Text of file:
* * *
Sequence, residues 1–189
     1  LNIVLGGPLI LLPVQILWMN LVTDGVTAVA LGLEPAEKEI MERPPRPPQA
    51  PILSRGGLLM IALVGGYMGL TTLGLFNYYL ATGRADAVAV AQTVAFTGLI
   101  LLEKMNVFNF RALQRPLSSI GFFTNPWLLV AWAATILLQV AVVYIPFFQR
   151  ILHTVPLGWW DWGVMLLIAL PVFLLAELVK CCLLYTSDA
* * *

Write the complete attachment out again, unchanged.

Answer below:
Sequence, residues 1–189
     1  LNIVLGGPLI LLPVQILWMN LVTDGVTAVA LGLEPAEKEI MERPPRPPQA
    51  PILSRGGLLM IALVGGYMGL TTLGLFNYYL ATGRADAVAV AQTVAFTGLI
   101  LLEKMNVFNF RALQRPLSSI GFFTNPWLLV AWAATILLQV AVVYIPFFQR
   151  ILHTVPLGWW DWGVMLLIAL PVFLLAELVK CCLLYTSDA